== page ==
In general, tendonitis causes pain in the tissues surrounding a joint, specifically after the joint is utilized excessively throughout play or work. In some cases, the joint may feel weak, and the area might be red, inflamed and warm to the touch.

When tendonitis is brought on by an infection such as gonorrhea, there might be other symptoms, including rash, fever, or a discharge from the vagina or penis.

Other symptoms differ according to which tendon is affected:

  • Rotator cuff tendonitis-- Usually dull, aching shoulder discomfort that can't be connected to one location. It often radiates into the arm towards the chest. The discomfort is typically worse in the evening and may disrupt sleep.
  • Tennis elbow-- Pain in the outer side of the elbow. In many cases, the painful area extends down to the lower arm and wrist
  • Golf enthusiast's elbow-- Pain in the inner side of the elbow
  • Jumper's knee-- Pain below the kneecap and, in some cases, above it
  • De Quervain's illness-- Pain at the back of the wrist, near the base of the thumb
  • Achilles tendonitis-- Pain at the back of the heel or 2 to 4 inches above the heel


tendonitis shoulder


After evaluating your case history, including any previous joint injuries, your medical professional will ask you specific concerns about your discomfort:

  • What does your discomfort seem like (sharp, dull, burning)?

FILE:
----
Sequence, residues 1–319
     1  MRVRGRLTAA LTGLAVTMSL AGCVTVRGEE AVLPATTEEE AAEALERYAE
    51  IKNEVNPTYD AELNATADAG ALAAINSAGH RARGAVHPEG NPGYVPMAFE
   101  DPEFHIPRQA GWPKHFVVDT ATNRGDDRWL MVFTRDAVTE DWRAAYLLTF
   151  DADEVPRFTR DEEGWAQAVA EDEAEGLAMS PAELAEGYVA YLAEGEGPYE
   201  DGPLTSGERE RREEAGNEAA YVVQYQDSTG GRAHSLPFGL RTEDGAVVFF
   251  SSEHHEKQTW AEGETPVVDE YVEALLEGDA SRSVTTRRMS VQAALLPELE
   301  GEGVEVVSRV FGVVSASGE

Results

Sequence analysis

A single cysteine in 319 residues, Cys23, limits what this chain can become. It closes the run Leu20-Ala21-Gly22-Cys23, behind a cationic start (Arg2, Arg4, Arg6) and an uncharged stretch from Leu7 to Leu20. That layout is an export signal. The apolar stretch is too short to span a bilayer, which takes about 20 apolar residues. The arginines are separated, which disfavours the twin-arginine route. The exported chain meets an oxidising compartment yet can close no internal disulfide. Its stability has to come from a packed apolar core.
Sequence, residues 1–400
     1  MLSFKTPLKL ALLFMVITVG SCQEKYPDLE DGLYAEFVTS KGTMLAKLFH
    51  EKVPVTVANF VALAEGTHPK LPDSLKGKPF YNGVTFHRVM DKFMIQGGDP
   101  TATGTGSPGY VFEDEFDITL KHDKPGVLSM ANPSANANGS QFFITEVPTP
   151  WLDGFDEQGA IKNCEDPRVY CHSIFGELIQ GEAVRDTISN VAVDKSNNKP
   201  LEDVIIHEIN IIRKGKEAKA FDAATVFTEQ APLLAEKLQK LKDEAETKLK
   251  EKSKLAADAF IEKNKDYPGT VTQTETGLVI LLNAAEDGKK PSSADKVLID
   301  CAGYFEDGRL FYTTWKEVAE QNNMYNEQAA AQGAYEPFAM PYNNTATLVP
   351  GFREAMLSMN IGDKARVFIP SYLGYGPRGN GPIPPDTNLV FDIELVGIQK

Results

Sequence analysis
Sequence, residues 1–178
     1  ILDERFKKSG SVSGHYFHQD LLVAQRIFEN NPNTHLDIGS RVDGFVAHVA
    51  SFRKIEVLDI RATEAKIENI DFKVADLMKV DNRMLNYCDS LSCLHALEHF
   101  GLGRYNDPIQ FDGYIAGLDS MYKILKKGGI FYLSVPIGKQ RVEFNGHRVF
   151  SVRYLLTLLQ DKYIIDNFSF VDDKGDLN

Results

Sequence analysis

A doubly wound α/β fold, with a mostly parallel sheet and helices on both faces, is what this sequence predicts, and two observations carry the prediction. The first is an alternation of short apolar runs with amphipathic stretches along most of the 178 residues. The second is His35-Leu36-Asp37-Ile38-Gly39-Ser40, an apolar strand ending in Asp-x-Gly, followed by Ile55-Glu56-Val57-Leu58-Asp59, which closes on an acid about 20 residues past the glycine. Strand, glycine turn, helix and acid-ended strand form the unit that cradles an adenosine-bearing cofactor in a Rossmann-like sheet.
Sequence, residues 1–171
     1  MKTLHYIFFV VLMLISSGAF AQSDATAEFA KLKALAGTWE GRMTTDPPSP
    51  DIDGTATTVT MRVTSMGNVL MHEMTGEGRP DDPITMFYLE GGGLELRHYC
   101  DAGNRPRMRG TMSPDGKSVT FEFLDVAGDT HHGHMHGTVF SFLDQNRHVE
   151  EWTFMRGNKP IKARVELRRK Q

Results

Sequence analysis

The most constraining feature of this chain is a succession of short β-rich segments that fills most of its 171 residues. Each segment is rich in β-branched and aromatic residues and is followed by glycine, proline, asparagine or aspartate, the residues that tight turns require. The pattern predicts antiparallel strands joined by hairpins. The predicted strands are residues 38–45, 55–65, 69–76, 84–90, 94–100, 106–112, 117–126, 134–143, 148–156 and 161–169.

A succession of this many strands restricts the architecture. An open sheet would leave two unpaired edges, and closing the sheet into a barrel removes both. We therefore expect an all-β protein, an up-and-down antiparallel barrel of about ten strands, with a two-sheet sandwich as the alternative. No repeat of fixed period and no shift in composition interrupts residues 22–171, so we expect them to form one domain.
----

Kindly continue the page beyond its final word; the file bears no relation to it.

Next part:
• Where is your discomfort found? Is it limited to one location or does it spread away from the joint to include a broader location on your hand, leg or arm?
  • Do you have tingling, tingling or weak point?
  • When did your discomfort begin? Did it begin after an abrupt boost in your work activities or exercise? Might it be related to any new sport or exercise that you've recently attempted?
  • What makes it feel better, and what makes it even worse?
  • Does the pain vanish when you rest the location, or is it present even at rest?
  • Have you had unprotected sex?

During the physical exam, your physician will try to find inflammation, swelling, inflammation, muscle weakness and minimal movement in the location of the sore tendon. Your medical professional also might ask you to move specific ways, such as raising your arm above your head or bending your wrist. These moves may harm, but they are extremely important to assist your medical professional figure out which tendon is impacted. For the most part, the diagnosis can be made based upon your case history and symptoms, together with your occupational and sports history and the outcomes of your physical exam.

Some people may need blood tests to try to find other reasons for swelling around the joints, such as gout or rheumatoid arthritis. X-rays also might be required to confirm that there is no dislocation, bone or fracture illness. In people with Achilles tendonitis or rotator cuff tendonitis, ultrasound or magnetic resonance imaging (MRI) scans might be utilized to assist assess the extent of tendon damage.

Expected Duration

Depending on the area and seriousness of tendonitis, signs might last for a few days or for a number of weeks. Pain might continue and worsen for several months if there is continued overuse or irritation of the injured site.


In many cases, tendonitis can be prevented by taking a couple of simple preventative measures. Some valuable methods include:

  • Constantly warm up prior to starting exhausting exercise.
  • If you want to heighten your exercise level, do it slowly.